Anyone here a biology major or at any level of higher education in the field of biology? If so, what sort of information would you pass on to a person looking to get their BS in biology and also, more importantly, to attain quality employment through higher education? Thanks
0 more posts in this thread. [Missing image file: Caratheodory0.png]
guys listen if we define measurability on outer measures like listen guys if we define it like this we can get this guys we get a borel measure! a borel measure from metric outer measures!
6 more posts in this thread. [Missing image file: IMG_20130922_130418.jpg]
Hello. I Just started learning logarithms and I encountered a problem. How do you solve : log (4?6) 1/6 (if its unclear : log base 1/6, logarithmic number 4?6)
1 more posts in this thread. [Missing image file: 1359127260997.jpg]
so, any of you into android programming and packet capture? working on an app similiar to "tpacketcapture". is any one familiar with that? Using VpnService to capture packets is working. now i'm creating my own socket for every connection and am basically the proxy between the phone and the socket, since i'm only getting real packets (ip / tcp header / application data) from the phone but only data from the socket ... neeed help!!
8 more posts in this thread. [Missing image file: s0pcyjy52ejl6g1z2kmi.jpg]
Linear Algebra vs. Multivariable Calculus (calculus 3). These are both second year courses but I love math and want to take a second math course as a first year student in the second term. I can only take one next semester though so which one is more useful/better to know first?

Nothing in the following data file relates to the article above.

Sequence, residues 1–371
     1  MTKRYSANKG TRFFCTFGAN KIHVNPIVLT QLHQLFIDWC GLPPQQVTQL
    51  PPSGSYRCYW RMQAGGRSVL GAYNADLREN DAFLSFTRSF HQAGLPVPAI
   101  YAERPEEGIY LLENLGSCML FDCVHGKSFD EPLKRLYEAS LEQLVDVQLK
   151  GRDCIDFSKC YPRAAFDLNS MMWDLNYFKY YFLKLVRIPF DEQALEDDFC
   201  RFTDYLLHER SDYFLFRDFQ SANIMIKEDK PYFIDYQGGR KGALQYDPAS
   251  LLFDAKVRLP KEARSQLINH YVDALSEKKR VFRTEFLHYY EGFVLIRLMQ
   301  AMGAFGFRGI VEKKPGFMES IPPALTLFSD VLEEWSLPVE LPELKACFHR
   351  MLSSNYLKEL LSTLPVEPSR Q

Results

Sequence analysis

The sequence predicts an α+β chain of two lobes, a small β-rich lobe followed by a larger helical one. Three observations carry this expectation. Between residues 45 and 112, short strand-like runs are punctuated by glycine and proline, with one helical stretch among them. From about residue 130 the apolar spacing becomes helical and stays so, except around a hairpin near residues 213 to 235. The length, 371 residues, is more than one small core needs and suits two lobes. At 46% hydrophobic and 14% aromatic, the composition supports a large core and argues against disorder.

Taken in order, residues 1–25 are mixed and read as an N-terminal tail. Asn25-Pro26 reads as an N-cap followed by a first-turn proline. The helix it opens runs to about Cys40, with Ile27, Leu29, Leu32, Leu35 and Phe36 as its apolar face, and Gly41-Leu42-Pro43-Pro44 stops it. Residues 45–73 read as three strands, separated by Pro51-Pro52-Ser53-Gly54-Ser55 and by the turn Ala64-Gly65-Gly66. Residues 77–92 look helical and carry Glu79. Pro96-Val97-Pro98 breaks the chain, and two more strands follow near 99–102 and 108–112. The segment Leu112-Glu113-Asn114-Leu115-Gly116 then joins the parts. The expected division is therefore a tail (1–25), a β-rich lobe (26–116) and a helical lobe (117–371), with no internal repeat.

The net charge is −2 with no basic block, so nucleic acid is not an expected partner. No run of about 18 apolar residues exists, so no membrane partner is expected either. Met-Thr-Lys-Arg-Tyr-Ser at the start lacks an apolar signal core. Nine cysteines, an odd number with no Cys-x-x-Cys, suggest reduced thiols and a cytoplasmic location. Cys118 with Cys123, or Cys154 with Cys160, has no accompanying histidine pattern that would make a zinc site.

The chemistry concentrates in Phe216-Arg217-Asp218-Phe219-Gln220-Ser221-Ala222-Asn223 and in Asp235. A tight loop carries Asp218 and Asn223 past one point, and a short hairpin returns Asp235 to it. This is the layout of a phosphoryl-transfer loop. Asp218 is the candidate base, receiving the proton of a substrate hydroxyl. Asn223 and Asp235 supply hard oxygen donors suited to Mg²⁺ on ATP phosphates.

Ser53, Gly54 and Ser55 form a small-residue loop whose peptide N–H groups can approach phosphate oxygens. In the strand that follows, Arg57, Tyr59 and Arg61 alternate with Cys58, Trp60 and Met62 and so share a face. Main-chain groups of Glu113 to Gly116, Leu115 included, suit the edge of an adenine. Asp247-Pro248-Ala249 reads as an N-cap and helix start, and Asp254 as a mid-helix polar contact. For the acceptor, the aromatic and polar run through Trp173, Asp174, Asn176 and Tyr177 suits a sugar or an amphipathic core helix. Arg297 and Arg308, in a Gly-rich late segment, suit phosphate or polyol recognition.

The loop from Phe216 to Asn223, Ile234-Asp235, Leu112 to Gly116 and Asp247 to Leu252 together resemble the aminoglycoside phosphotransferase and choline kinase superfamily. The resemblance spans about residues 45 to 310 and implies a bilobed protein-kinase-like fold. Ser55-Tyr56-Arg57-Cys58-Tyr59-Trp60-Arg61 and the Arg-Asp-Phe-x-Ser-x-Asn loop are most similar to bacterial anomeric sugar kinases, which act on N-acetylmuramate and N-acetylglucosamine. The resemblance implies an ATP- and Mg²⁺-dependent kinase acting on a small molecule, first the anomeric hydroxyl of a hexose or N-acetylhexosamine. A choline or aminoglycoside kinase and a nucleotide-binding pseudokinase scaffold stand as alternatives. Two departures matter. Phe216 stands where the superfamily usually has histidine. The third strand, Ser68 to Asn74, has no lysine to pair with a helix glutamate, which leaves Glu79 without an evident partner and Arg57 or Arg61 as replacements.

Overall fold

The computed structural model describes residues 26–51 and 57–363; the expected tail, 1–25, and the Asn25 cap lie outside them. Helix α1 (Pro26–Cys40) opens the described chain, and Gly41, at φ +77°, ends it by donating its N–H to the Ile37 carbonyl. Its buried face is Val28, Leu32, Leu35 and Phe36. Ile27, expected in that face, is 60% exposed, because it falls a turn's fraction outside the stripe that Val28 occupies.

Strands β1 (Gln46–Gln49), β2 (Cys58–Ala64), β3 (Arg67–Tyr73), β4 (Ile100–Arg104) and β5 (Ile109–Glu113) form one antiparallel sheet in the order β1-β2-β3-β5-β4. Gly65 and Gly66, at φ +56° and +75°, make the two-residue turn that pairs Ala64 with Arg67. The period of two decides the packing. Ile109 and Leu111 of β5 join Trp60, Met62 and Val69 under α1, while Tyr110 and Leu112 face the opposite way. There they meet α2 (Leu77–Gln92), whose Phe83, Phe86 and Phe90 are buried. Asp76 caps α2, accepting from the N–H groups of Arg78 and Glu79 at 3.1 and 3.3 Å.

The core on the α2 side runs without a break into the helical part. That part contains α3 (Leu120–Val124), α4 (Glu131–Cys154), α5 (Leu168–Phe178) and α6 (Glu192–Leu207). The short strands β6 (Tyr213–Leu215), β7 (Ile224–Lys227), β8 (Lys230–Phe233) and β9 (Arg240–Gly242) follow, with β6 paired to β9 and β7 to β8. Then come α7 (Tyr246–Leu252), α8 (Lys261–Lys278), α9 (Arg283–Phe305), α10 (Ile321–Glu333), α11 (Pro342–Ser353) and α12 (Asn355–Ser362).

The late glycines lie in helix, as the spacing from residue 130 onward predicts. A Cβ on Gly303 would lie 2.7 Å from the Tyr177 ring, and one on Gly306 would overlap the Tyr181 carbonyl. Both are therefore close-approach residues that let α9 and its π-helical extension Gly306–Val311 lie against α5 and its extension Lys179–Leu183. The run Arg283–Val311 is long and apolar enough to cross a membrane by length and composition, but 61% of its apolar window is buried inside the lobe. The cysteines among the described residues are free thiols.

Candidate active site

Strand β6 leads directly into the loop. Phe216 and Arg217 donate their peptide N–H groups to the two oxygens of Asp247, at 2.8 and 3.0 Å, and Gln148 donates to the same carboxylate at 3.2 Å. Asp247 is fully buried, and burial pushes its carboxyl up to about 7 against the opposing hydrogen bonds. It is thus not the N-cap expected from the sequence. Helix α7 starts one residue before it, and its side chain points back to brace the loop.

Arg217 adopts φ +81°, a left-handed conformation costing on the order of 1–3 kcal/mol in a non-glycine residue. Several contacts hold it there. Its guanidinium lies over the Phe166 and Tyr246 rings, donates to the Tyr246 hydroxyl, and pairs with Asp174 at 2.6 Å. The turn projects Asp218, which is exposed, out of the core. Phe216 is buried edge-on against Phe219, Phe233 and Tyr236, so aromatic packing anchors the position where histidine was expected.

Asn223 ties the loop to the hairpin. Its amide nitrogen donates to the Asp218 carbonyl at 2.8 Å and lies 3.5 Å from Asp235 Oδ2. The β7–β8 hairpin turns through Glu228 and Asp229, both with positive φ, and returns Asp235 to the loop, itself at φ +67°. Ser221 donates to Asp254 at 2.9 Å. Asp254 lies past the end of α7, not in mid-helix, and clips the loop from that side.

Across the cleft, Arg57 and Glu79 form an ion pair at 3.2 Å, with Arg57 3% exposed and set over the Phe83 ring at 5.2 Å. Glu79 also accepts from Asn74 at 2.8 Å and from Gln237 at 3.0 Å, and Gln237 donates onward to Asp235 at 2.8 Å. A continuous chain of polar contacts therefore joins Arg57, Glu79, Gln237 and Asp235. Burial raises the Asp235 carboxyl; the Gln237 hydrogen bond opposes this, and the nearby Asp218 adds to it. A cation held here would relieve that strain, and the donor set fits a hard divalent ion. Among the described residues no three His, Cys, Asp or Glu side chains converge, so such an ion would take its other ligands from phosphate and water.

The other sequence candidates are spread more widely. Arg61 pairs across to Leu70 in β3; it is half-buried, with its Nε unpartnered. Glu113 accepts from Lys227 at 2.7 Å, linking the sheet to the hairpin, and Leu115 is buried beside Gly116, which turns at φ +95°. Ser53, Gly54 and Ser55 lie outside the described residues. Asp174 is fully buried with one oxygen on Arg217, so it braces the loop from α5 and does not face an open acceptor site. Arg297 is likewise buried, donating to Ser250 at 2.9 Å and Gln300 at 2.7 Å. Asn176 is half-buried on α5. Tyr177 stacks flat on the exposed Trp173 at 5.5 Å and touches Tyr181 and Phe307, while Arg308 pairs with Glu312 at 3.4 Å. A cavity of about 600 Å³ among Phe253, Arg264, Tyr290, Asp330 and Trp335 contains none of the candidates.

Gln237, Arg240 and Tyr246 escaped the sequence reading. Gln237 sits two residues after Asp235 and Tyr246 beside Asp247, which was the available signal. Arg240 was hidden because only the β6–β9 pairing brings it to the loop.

3 more posts in this thread. [Missing image file: beaker.jpg]
How necessary is A Level Chemistry (Britfag here) if you want to study mechanical/aerospace engineering or physics at a top uni? >pic unrelated
17 more posts in this thread. [Missing image file: 1369262784957.jpg]
What is it with autism that give a kid a chance to either be a useless dependent or a fucking genius? http://www.huffingtonpost.com/2013/05/11/jacob-barnett-autistic-14-year-old-nobel-prize_n_3254920.html
13 more posts in this thread. [Missing image file: text.png]
Someday (within 10 years) I will build myself laboratory (haven't seen/experienced how much I will be able to access university laboratories for my own projects,) because I have had big project of genetic/biology research since 18y old. I want to ask /sci/genetists or well biology researchers what kind of equipment I will need to build a average / top laboratory to research genetics, well to be more specific I want to be able to make research papers like this: http://nar.oxfordjournals.org/content/26/17/3908.full.pdf+html Please help me! ps. answers which indicate price, specific equipment etc very much appreciated

Any scientists around?

6 more posts in this thread. [Missing image file: 1360199866506.gif]